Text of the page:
David O. Russell is a very good director, and a very good writer. So it’s a shame to watch American Hustle and get the impression that he’s not happy with himself. This is, of course, just awfully presumptuous of me, but I couldn’t help thinking that many scenes in this movie looked as if they were desperate to emulate scenes by Martin Scorsese, Paul Thomas Anderson, Brian De Palma and many others. Okay, it’s not unusual to see that happen in movies. Those directors are certainly good directors to try to emulate, but it rarely feels so obvious, to the point that the whole movie feels like an experiment to see just how close the director can come to those big names.
The answer, in this case, is not close. Not close at all.
Largely improvised, despite the writing credits going to Russell and Eric Singer, American Hustle is a film that people will appreciate for the great central performances, but there’s little else going for it. It’s a meandering non-event, neither cinematically satisfying nor simply entertaining enough to justify some of the praise that has been heaped upon it.
The story concerns Irving Rosenfeld (Christian Bale) and Sydney Prosser (Amy Adams) being caught out during one of their cons, and then subsequently forced to work for FBI agent Richie DiMaso (Bradley Cooper) as he tries to catch some more important figures, such as Mayor Carmine Polito (Jeremy Renner). The heat is turned up when more politicians, and then the mob, get involved, and Rosenfeld also has to contend with his erratic wife, Rosalyn (Jennifer Lawrence).
Bale, Adams, Cooper, Renner and Lawrence are all fantastic, and all seem to be having a lot of fun. This is a great showcase for actors, with other great turns coming from Alessandro Nivola, Shea Whigham and Louis C.K. Unfortunately, it FEELS like a great showcase for actors during every scene – be it an argument, or a moment of quiet tension, or even a scene of a character singing along to whatever song is placed on the soundtrack – and that’s all that you can think of while things wind to an ending that isn’t as clever or amusing as it thinks it is.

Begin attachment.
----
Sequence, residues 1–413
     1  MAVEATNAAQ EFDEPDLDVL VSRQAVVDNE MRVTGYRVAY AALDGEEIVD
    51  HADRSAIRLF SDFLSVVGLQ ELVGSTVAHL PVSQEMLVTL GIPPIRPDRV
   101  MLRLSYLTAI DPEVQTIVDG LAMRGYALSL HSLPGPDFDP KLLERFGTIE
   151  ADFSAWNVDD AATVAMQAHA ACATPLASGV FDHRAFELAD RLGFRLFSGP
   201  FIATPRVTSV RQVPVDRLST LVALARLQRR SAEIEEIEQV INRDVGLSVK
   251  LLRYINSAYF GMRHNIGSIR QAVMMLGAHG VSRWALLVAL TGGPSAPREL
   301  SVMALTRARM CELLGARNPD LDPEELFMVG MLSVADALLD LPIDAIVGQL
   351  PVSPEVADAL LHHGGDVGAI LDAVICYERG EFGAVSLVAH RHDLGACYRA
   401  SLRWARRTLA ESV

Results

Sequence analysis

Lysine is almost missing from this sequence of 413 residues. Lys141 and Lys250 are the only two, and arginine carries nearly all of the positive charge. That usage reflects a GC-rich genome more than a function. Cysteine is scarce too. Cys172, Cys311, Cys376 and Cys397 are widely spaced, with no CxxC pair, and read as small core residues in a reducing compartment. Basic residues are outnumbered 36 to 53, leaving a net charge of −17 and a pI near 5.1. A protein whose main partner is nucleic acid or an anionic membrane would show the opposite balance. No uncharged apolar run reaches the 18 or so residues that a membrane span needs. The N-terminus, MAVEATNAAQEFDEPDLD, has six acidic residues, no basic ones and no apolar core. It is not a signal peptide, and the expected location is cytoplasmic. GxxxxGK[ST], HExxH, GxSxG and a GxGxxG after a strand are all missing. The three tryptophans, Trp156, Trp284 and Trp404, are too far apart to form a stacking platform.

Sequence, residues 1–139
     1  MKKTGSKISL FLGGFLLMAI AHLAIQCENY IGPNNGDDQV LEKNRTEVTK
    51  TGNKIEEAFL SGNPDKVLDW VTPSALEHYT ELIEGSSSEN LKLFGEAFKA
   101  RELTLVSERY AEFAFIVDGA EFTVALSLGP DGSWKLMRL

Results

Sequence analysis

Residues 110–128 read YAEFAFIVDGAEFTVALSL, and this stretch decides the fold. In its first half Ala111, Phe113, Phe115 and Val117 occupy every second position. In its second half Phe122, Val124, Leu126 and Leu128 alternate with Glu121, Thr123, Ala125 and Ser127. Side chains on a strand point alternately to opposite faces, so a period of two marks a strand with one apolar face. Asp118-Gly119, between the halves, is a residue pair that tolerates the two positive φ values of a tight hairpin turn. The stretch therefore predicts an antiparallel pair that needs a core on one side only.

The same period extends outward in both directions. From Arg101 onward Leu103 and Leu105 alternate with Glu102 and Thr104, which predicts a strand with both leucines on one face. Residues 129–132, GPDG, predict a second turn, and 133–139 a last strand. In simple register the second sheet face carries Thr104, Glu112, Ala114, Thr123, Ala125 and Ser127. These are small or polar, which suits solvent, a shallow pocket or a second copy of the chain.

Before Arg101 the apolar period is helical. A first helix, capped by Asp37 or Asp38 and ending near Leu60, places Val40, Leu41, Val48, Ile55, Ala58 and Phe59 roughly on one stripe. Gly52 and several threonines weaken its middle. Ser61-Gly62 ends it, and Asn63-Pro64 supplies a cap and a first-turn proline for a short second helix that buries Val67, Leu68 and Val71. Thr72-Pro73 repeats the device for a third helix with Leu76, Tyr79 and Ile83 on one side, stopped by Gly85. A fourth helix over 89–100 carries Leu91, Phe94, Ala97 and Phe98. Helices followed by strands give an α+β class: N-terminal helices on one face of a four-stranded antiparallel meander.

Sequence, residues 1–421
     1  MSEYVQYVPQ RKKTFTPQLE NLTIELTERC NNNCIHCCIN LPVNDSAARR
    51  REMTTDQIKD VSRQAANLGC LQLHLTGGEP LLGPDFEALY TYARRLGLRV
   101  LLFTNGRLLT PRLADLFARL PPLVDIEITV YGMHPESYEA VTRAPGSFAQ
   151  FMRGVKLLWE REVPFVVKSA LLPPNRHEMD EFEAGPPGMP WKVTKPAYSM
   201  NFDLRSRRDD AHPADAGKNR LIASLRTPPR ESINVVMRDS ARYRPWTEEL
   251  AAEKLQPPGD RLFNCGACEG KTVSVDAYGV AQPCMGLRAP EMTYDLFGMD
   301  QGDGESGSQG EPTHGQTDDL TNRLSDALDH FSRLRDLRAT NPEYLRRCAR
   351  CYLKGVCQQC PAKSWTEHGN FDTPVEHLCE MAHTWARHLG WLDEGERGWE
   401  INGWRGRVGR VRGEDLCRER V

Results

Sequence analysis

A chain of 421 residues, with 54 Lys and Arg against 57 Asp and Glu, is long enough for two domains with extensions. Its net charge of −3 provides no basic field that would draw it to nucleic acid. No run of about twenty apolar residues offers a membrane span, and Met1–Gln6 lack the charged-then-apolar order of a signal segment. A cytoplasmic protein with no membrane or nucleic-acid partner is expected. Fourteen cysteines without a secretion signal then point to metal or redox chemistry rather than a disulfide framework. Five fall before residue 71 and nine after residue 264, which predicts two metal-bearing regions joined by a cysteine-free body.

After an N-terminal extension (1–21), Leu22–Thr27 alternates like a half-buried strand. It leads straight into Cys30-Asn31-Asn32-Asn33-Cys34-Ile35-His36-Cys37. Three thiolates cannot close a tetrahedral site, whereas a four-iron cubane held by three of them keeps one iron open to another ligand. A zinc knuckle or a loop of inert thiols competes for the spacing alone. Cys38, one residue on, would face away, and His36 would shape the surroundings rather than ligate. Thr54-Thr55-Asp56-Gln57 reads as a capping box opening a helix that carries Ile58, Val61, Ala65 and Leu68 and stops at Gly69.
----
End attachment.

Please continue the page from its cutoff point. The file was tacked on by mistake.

Con movies, much like magic tricks, should work despite audiences knowing what to expect. American Hustle features characters planning a number of cons, so audiences know what to expect, but when things are resolved they are resolved in an unsurprising, and all too easy, punchline that most viewers will find hard to care about. It could be argued that this is not a con movie, it’s more a snapshot of a time and a place that saw some very strange events unfold. Well, whatever you think, it’s a movie about lies and manipulations, and making it too easy to read everyone onscreen was a big mistake.
There’s joy to be had in the journey from beginning to end, admittedly, but it’s hard to recommend American Hustle as a movie worth over two hours of your time. Which is a shame, especially considering how well Russell did with Cooper and Lawrence in the wonderful Silver Linings Playbook.
DIRECTOR: DAVID O. RUSSELL
WRITER: DAVID O. RUSSELL, ERIC SINGER
STARS: CHRISTIAN BALE, AMY ADAMS, BRADLEY COOPER, JENNIFER LAWRENCE, JEREMY RENNER, ALESSANDRO NIVOLA, SHEA WHIGHAM, ELISABETH ROHM, LOUIS C.K.
RUNTIME: 138 MINS APPROX